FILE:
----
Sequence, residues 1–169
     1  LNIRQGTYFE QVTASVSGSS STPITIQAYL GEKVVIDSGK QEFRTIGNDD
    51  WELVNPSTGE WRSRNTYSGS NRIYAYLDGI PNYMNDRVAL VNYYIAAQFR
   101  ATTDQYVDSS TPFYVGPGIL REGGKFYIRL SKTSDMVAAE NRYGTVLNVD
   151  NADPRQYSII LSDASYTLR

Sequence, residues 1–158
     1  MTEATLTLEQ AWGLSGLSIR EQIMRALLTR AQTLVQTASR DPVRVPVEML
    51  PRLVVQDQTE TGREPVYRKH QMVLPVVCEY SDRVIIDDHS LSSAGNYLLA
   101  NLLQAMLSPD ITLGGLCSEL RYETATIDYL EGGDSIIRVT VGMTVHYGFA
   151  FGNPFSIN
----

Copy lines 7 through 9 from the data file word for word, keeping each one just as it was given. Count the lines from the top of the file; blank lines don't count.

     1  MTEATLTLEQ AWGLSGLSIR EQIMRALLTR AQTLVQTASR DPVRVPVEML
    51  PRLVVQDQTE TGREPVYRKH QMVLPVVCEY SDRVIIDDHS LSSAGNYLLA
   101  NLLQAMLSPD ITLGGLCSEL RYETATIDYL EGGDSIIRVT VGMTVHYGFA